• And the pandemic has hit corporate trips hard

  • According to a poll conducted in December

  • …89% of firms

  • had cancelled most or all international business travel

  • And although this may pick up

  • the consensus among most analysts

  • is that between 20 and 25% of work trips

  • could be gone for good

  • Which is bad news for legacy airlines

  • Business travel is a really important sector

  • particularly the long-haul airlines

  • because it's really the driver of profitability

  • It's the driver of the financial viability of the routes

  • Several long-haul carriers have already been bailed out with state aid

  • But it's not clear what happens when the money needs to be repaid

  • So, fares on some long-haul routes

  • look set to risemeaning fewer people will be able

  • to afford exotic holidays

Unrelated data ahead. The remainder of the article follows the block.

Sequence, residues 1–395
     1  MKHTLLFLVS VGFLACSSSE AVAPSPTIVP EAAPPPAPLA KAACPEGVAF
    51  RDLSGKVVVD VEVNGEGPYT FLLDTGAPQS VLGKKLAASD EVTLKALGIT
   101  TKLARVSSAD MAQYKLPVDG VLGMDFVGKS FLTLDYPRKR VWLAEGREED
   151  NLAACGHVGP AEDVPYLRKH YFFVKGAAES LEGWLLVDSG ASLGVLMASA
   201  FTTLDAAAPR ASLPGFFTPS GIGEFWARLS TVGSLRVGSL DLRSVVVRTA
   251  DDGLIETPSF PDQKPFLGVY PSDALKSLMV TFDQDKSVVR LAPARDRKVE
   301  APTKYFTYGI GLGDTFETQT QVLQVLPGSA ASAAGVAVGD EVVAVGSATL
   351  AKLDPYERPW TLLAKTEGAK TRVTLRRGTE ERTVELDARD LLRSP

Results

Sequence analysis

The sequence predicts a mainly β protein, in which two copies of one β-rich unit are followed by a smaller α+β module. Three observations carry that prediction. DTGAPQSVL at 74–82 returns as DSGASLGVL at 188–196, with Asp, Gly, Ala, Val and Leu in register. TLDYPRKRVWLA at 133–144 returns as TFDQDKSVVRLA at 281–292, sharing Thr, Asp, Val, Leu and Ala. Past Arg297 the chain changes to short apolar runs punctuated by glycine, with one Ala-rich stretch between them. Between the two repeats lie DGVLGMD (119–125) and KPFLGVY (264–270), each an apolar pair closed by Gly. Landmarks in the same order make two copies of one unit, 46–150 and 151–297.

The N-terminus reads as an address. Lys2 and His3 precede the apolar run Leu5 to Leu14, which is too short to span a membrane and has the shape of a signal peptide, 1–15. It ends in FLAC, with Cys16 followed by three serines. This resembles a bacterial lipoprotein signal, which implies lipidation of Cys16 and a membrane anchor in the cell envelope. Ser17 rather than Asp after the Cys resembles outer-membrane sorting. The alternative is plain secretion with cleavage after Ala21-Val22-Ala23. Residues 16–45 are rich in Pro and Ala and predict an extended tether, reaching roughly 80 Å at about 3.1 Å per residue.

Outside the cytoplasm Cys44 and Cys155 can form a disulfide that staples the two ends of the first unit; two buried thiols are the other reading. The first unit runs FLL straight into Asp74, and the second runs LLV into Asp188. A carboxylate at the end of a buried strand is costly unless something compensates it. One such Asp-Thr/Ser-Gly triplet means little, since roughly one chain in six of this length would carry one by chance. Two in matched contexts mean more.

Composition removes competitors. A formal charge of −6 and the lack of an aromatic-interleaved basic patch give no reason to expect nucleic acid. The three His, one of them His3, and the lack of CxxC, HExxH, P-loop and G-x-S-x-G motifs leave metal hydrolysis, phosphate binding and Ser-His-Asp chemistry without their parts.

• But the outlook for short-haul flights looks sunnier

  • The sector is set to make a quicker recovery

  • Many budget airlines are less reliant on business fares

  • Some, like Europe's largest airline Ryanair

  • have used the pandemic

  • to cut costs further

  • to keep their fares low

  • We've lowered our labour costs

  • We've lowered our aircraft costs

  • We're negotiating recovery discounts with a lot of our airports

  • And fuel is lower

  • I think it is the most exciting era in my 25 or 30 years in this business

  • But Michael O'Leary's predictions that planes and beaches in Europe

  • could be busy as soon as this summer

  • may be going too far

  • and have more to do with his famous salesman bravado

  • The company has just had to pull this advert

  • for encouraging travellers to break covid restrictions

  • So you could jab and go

  • And the emergence of new variants of the virus

  • means travel in Europe and other parts of the world

  • is currently getting harder

  • not easier

  • thanks to restrictions such as quarantines and border closures